Say what’s up with Tommy Lietz

Principal Thomas Lietz’s former life as a bassist in The Foolish Heads

https://soundcloud.com/user-898692728/sets/the-foolish-heads-the-moment-that-youre-in
Principal Thomas Lietz played bass for 'The Foolish Heads' at the Magic Stick on Jun. 20, 2001.

Janet Reid Courtesy Photo

Principal Thomas Lietz played bass for 'The Foolish Heads' at the Magic Stick on Jun. 20, 2001.

A principal may seem like a far cry from the guy rockin’ out on stage, but that isn’t the case for our very own Tom Lietz.
Long before he took over at Utica High School, Lietz graced the stage as the bassist and a singer in The Foolish Heads, a band with a long history of success.

In addition to playing the music, Lietz also helped to write many of the band’s songs.

Janet Reid Courtesy Photo
Lietz and Visocchi at the Magic Bag on Feb. 2, 2002.

“It was fun, it was creative, it was exciting,” Lietz said. “I enjoyed writing music, I enjoyed playing music. I enjoyed the camaraderie of those I played with.”

This camaraderie stuck long after Lietz left the band. He is still in contact with his former band mates, like Channel 4 producer Adam Spindler, who played guitar and sang back up vocals.

“I was a groomsman at his wedding. We’re in a fantasy football league together, and have gone on ‘football trips’ to places like New Orleans and Green Bay with our larger group of friends,” Spindler said. “He’s the first friend I’d call if I had a serious problem I didn’t know how to handle.”

Spindler even had the chance to know Lietz before they were in the band. While he was a junior and senior in high school, Lietz was Spindler’s debate coach.

“It was pretty great having him around so much because we became friends when he was still a student,” Spindler said. “It was like having a big brother nearby who shared my two biggest interests: debate and music. It was awesome.”

Even as a performer, Lietz was just as driven as he is in school. He worked with each band member in order to find their strengths and improve the band overall.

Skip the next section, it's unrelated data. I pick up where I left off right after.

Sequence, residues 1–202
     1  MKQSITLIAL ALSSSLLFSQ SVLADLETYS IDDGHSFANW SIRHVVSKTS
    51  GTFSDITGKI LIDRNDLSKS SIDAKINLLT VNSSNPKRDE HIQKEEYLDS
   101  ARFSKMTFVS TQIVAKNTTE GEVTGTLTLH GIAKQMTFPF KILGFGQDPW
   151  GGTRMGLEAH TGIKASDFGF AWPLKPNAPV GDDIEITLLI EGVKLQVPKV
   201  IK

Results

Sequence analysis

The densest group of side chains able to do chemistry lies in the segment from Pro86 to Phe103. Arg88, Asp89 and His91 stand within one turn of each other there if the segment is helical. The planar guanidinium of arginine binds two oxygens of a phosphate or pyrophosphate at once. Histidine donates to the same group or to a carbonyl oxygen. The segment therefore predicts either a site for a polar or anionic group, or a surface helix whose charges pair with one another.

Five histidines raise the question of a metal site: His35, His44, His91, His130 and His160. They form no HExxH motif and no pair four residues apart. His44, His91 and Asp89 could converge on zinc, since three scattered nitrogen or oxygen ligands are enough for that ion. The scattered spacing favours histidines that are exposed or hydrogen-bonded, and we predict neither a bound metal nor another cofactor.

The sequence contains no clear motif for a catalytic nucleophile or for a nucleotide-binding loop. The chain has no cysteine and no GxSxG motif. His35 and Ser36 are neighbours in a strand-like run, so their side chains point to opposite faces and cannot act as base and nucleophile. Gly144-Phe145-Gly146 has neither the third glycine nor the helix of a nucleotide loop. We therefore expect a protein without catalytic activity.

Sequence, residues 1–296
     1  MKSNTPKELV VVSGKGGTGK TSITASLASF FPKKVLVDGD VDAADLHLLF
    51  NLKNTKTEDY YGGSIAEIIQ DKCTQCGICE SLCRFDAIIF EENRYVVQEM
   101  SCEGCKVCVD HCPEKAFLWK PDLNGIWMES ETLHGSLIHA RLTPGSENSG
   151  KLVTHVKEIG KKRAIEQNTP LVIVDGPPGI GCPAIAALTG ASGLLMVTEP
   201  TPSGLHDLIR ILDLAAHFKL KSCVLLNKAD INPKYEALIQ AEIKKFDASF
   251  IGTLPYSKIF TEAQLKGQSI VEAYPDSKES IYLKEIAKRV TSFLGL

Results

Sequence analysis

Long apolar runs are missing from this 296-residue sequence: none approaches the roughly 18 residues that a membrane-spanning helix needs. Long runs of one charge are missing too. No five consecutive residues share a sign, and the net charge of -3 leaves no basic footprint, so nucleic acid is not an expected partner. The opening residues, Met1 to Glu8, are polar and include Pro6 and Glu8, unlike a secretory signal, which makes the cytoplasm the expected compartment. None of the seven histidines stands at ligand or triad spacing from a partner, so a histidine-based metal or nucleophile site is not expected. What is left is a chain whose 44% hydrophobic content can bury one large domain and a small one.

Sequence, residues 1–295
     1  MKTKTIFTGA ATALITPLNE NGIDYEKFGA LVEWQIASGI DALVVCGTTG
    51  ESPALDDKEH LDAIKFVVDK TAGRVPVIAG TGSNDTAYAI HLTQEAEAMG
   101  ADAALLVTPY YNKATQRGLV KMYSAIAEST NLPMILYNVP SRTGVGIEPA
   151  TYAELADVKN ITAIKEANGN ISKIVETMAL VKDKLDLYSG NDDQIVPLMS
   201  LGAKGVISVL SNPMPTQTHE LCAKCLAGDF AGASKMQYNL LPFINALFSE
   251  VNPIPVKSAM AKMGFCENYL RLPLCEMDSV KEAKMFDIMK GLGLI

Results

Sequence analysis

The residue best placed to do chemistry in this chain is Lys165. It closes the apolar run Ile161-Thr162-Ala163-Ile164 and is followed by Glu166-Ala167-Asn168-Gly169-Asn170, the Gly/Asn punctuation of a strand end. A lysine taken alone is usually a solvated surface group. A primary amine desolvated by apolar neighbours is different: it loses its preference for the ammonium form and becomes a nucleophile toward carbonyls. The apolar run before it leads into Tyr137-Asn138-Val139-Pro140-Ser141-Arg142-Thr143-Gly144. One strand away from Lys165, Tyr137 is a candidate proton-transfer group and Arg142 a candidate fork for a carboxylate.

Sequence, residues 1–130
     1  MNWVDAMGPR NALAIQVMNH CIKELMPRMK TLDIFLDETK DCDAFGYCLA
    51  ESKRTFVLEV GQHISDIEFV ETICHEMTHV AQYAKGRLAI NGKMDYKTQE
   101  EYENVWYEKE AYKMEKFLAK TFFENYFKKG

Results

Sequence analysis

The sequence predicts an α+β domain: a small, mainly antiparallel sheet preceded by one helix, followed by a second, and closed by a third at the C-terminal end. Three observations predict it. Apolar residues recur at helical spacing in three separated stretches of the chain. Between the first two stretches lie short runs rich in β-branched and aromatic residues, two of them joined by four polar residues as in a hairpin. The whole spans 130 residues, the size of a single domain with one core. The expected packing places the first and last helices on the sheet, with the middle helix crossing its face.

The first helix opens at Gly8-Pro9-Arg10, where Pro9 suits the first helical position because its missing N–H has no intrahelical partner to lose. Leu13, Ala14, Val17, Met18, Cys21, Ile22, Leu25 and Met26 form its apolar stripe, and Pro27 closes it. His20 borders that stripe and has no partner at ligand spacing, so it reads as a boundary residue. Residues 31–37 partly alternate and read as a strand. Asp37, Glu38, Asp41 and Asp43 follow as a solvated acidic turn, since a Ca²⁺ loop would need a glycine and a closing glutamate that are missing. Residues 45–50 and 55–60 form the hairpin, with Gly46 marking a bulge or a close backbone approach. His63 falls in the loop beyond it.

“Tom was as focused and driven in the band as he is in anything in life,” guitarist Augostino Visocchi said. “At some point he changed his look and dyed his hair blonde, which actually looked pretty cool. We were all so young, so it was fun to watch each other grow as performers and people. We definitely got our adolescent energy out at shows, and I remember there was a time when I would play guitar hanging upside down while Tom dangled me over the floor.”

Every band needs a leader, and for The Foolish Heads, that leader was Lietz. Just like today, he was taking charge and planning out different meet-ups and performances for the band.

“Tom was the leader. He’s the one who brought us all together and kept us (relatively) organized. This was a time before smartphones and texting and he somehow got us all in the same place for practice and gigs,” Spindler said. “It’s also worth noting that Tom has always had an interest in the latest technology – he made sure we always had the gear we needed to deliver a professional-sounding performance.”

The band performed in a few places across the state, such as the Magic Stick in Detroit and the Blind Pig in Ann Arbor. Both venues are still open today.

“We were all really proud of [playing there] since bands like Nirvana and Pearl Jam (and later the White Stripes) had played there,” Visocchi said.

Lietz and the rest of The Foolish Heads at the Magic Bag on Aug. 24, 2001.

After a while, Lietz realized that the rock-star life wasn’t for him. He was already working at Eisenhower, and didn’t have time to devote to both the band and the school. Lietz ended up realizing that he needed to leave the band in order to pursue the other things he wanted in life.

“Life got busy. I was starting a PhD program, which I still haven’t finished. I started thinking about, and actually started a family in that process. I started school, I started the UAIS. It was a full-time job and then on top of that I became the junior high assistant principal on top of the UAIS job, and directed a k-12 Chinese language program for the district, and ran a grant on top of that,” Lietz said. “I was doing three jobs just in my job [for the district], plus starting a family. It was just a lot. It was too hard for me to do that and drive up to East Lansing for my PhD work.”

Even though the band may be in the past for Lietz, the bonds he made during his time with them will remain forever.